was in Yorktown on the bluff overlooking the restaurant. During her later
years the deputies would take her to work and return her home in the
evenings. It’s hard to imagine two people who may have contributed more to
their adopted country than Mary and Nick. It was my pleasure to be a part
of those they touched with their compassion and generosity.
- Dave Arnold
('65) of VA - 07/08/09
Thanks so much, Dave!
I'd like to augment the already impressive story of Mary and Nick's generosity, as related by Dave Arnold ('65 - of VA) on 9 July. May I ask you to add the following?
In the 1960s when I was a member, the York County Volunteer Fire Department depended heavily on citizen contributions to augment the county's limited funds. In essence, the county funded day-to-day operations; the volunteers had to solicit funds whenever a new ambulance or fire truck was needed. Mary and Nick were always amongst those that gave generously.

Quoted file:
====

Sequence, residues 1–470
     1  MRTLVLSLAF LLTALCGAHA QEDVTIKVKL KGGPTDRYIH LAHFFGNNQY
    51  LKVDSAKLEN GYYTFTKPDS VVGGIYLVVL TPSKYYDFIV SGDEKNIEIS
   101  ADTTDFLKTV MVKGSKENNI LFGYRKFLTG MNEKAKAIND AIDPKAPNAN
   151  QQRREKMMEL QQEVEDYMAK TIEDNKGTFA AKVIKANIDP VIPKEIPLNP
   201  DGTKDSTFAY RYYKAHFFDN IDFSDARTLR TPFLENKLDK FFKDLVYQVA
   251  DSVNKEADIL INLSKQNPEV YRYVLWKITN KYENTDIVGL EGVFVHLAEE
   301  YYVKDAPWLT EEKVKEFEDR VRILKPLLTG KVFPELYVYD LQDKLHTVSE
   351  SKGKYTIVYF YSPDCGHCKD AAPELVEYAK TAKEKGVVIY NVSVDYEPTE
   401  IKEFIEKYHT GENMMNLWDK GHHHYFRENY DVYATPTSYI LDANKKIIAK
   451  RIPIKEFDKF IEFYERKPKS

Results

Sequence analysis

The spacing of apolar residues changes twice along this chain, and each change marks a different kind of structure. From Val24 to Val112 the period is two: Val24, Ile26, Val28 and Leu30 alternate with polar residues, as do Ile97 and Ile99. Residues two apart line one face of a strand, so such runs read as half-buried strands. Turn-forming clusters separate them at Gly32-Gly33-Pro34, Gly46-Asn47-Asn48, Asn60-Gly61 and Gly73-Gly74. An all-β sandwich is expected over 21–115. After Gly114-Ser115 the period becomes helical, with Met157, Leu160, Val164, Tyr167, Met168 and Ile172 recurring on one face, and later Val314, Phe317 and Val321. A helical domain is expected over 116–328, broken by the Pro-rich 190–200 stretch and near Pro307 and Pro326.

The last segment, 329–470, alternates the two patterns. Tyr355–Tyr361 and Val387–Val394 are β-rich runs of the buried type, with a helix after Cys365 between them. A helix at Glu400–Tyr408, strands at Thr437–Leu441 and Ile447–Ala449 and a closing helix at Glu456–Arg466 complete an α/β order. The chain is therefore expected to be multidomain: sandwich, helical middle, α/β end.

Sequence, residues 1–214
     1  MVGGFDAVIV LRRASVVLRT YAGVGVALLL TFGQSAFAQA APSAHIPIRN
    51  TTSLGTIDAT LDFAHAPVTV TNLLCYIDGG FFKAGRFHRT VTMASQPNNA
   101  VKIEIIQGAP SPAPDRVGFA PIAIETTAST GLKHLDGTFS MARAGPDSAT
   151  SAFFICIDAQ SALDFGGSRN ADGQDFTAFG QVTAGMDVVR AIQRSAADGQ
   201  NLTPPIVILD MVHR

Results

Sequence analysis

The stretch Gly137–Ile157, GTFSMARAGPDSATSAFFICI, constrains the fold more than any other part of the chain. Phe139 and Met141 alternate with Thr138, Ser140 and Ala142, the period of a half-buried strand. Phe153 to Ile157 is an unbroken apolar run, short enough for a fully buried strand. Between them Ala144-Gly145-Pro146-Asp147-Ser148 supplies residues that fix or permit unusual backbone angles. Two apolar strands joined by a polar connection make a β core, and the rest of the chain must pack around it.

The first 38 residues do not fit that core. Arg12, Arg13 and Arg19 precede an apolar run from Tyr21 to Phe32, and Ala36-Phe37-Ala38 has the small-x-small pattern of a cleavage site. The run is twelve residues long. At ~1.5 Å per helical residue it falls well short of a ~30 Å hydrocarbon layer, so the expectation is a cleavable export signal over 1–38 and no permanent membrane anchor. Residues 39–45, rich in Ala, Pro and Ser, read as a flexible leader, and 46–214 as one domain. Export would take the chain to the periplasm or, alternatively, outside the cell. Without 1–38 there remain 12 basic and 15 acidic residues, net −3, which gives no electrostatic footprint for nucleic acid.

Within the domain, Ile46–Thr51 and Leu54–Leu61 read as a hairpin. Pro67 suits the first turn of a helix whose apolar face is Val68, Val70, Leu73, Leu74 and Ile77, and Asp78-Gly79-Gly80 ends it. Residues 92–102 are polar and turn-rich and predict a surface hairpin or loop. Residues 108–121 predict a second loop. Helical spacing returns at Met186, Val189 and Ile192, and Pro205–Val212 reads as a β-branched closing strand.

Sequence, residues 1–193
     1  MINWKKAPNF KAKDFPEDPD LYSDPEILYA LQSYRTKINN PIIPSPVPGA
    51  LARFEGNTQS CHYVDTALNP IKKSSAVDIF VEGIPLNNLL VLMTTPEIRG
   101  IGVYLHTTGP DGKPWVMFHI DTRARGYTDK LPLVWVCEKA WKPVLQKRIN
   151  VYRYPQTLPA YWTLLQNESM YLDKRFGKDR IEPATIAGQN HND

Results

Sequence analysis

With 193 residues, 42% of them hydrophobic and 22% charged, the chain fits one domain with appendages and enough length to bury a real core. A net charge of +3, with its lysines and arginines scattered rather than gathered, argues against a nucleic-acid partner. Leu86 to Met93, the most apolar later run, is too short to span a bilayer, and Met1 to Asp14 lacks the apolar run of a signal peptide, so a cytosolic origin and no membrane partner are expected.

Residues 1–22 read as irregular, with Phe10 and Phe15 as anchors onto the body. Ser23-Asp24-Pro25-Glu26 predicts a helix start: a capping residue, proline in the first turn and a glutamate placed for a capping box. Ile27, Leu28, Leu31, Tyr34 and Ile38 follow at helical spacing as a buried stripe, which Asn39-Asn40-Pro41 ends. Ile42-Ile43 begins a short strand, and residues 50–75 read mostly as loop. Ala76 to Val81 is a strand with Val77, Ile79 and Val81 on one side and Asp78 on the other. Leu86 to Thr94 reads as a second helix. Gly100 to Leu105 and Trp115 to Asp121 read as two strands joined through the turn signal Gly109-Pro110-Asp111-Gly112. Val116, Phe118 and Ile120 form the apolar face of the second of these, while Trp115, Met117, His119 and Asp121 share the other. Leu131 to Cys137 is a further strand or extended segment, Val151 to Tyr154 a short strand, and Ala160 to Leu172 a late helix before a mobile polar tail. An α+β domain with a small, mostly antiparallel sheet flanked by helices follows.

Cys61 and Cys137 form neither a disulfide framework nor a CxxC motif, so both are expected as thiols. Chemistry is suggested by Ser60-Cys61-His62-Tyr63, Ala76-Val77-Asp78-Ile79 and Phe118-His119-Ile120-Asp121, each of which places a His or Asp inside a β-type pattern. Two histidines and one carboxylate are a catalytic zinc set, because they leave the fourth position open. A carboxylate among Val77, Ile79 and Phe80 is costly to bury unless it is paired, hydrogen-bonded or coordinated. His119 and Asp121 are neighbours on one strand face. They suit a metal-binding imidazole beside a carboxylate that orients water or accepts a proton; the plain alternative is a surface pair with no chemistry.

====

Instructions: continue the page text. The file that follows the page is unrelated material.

In addition, each year the volunteer organization had an annual banquet for members and their wives. Those banquets were held at Nick's Seafood Pavilion. Each year, the entire event was paid for by Mary and Nick, in appreciation of our service to the community.
generosity did not include alcoholic beverages. Nick always delighted, year
after year, in telling us that he didn't want 'his' firemen to get drunk and be
unable to save his restaurant, if it caught fire!
- Bill Lee (Warwick HS
- '54) of NC - 07/09/09
Oh, what a delightful story! Thanks, Bill!
(This page was created on 01/12/04.)
of Nick and Mary, who were Greek, here's the midi:"
Courtesy of http://www.thegoldenyears.org/zorba.mid, at the suggestion of Dave Spriggs ('64) of VA - 01/12/04
Map image courtesy of http://maps.yahoo.com/maps - 07/13/04